Tampa Bay Rays Game 49: Another Loss From the Same Cloth
By Robbie Knopf
Few things in baseball are more frustrating than a struggling bullpen. You hand your relief corps a lead only to watch them give it away once again. Of course, whenever a reliever blows a 1-0 lead, we have to blame the offense. If the Tampa Bay Rays had scored more than one run on Friday, they probably would have won anyway. Instead, it was the same old flaw dragging this team down as they lost their sixth game in a row and fell below .500.
The lone Rays run came on a Steven Souza Jr. solo home run in his first at-bat back after he was out with a wrist injury. At least Nate Karns himself didn’t need anything else. Karns continued the more positive trend–excellent Rays starting pitching–by going 6 shutout innings allowing just 1 hit, striking out 7 while walking 2. His fastball and his curveball both looked good, but the difference for him in this game was his changeup. He threw it 17.2% of the time compared to his 7.67% average on the year, and was able to force a trio of whiffs with the pitch.
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However, Karns threw just 87 pitches before being taken out. Once again, Kevin Cash didn’t trust his starter to go deep into a ballgame despite strong results. This certainly deserves its own article, but the Rays now have taken out a starter after at least 5 shutout innings and 95 or less pitches nine times this season. Entering Friday, no other team had done so more than six times this season and half of baseball had done so one or less times. Given the struggles of the bullpen, wouldn’t this have been the game to see what Karns could do at 100 pitches or more?
Karns left the game and Kevin Jepsen proceeded to allow an Adam Jones solo home to make it a 1-1 game. At least Jake McGee was sharp in the eighth inning, striking out 1 in a perfect frame. His fastball was back to its usual velocity range, and he actually threw three curveballs. Just one was a strike, but all they really need to do is give hitters something else to look for, so they did their job. There is certainly reason to believe that McGee will be just fine.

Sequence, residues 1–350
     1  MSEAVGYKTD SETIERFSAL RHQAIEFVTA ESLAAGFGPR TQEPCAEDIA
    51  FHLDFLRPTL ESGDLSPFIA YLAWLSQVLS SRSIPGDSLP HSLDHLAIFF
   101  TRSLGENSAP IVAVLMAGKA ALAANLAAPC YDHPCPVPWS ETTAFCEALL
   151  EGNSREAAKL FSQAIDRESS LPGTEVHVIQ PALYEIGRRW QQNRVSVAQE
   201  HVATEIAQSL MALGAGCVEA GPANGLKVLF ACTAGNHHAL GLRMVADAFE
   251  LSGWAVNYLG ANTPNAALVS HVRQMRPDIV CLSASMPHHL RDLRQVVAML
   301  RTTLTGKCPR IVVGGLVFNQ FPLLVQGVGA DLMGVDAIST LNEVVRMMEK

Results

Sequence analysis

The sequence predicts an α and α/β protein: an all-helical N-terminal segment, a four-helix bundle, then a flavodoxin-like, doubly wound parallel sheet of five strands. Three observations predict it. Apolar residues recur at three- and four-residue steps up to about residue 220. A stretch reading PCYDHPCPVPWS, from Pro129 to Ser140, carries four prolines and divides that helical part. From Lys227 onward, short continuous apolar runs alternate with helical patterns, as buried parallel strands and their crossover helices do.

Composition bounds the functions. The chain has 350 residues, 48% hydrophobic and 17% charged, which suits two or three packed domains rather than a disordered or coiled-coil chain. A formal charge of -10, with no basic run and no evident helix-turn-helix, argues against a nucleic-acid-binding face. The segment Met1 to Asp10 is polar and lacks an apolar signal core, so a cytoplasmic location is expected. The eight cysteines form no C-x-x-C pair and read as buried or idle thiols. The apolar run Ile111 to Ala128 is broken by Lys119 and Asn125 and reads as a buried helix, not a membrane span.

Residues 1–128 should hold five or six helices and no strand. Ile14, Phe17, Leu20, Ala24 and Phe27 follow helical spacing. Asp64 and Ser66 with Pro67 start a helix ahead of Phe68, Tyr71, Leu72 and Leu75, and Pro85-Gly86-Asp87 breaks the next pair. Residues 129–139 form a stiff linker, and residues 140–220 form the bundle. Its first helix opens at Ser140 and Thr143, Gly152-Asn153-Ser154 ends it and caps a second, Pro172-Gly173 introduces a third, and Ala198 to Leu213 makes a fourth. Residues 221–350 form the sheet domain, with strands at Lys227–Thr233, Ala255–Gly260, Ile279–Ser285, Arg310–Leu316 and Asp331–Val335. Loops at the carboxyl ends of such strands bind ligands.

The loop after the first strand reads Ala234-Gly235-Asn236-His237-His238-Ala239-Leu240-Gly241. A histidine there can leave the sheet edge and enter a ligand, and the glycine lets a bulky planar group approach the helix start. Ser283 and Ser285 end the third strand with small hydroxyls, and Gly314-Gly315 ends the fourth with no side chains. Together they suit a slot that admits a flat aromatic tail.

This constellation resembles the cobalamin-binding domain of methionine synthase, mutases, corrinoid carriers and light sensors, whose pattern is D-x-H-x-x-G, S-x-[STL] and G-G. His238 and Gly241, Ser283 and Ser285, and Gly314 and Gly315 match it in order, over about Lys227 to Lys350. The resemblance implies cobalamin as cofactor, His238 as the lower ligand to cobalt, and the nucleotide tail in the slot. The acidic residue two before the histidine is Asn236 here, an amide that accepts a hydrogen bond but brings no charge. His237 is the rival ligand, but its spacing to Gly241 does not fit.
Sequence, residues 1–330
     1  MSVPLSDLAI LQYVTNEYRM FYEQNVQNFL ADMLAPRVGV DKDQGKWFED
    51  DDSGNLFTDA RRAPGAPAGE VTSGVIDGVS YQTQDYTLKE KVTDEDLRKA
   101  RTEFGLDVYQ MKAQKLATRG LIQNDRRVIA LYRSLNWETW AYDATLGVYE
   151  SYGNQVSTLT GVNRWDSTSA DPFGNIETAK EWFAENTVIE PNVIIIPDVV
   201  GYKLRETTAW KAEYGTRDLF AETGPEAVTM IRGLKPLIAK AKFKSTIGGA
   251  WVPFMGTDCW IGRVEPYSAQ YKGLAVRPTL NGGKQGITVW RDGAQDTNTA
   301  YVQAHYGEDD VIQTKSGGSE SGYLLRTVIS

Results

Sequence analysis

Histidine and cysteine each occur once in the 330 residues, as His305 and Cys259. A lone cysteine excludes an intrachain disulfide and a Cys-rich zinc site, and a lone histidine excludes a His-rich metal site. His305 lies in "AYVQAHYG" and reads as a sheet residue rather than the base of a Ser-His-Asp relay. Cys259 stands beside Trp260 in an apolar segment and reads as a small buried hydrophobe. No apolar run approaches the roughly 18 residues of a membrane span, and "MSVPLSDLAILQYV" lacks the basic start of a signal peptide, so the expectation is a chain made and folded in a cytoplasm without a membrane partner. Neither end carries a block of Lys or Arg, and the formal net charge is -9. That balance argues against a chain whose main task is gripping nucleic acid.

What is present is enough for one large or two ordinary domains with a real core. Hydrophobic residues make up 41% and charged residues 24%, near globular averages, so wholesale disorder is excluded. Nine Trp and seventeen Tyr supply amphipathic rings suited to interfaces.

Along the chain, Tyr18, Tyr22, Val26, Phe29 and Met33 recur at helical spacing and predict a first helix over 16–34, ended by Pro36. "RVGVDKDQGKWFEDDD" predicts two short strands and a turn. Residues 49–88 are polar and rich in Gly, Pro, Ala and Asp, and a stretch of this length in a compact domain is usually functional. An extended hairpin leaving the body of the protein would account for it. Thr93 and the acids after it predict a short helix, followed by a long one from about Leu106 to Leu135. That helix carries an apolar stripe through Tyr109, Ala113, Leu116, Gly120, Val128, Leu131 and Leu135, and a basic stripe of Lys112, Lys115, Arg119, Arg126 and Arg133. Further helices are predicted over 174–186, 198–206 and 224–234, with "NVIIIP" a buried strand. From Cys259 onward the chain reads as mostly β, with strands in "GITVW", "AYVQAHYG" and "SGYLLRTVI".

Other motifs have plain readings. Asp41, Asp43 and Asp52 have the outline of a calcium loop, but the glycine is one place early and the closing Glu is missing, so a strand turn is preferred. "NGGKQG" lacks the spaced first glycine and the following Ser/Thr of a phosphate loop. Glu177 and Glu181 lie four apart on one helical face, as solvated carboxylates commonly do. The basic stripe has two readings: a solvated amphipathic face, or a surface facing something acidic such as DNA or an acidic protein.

In the top of the ninth, the Rays finally had their big chance. They had managed the Souza homer and little else against Miguel Gonzalez, who had allowed 1 run on 3 hits and no walks in 8 innings, but they loaded the bases against Darren O’Day on singles from Evan Longoria and David DeJesus plus a Logan Forsythe hit-by-pitch. However, Souza and Asdrubal Cabrera each struck out before Jake Elmore grounded out, and the game remained tied entering the bottom of the frame.
Brandon Gomes started the inning for the Rays, with Cash possibly shying away from Brad Boxberger in a non-save situation. There really shouldn’t be any difference for him, but maybe he has psyched himself out–he now has a 7.11 ERA and a 9-4 strikeout to walk ratio in non-save situations compared to a 0.75 ERA and an 18-4 mark in save spots. Going to Gomes was a defensible move and Gomes did decently, recording two outs but allowing a single before leaving the game.
Gomes had to depart in favor of Xavier Cedeno because Gomes has been terrible against lefty batters this season and always. In addition, Chris Davis is no ordinary lefty batter. However, even though Cash made the right move again, Davis singled and in came Steve Geltz to face the righty-swinging J.J. Hardy. Hardy delivered the walk-off base hit as the Rays lost 2-1. The only truly questionable call from Cash was taking Karns out for the seventh–otherwise, he put relievers in at the right times and they simply faltered. He can’t do anything about that.
The Rays will hope to break their skid tomorrow at Camden Yards. Erasmo Ramirez will take on Wei-Yin Chen beginning at 4:05 PM.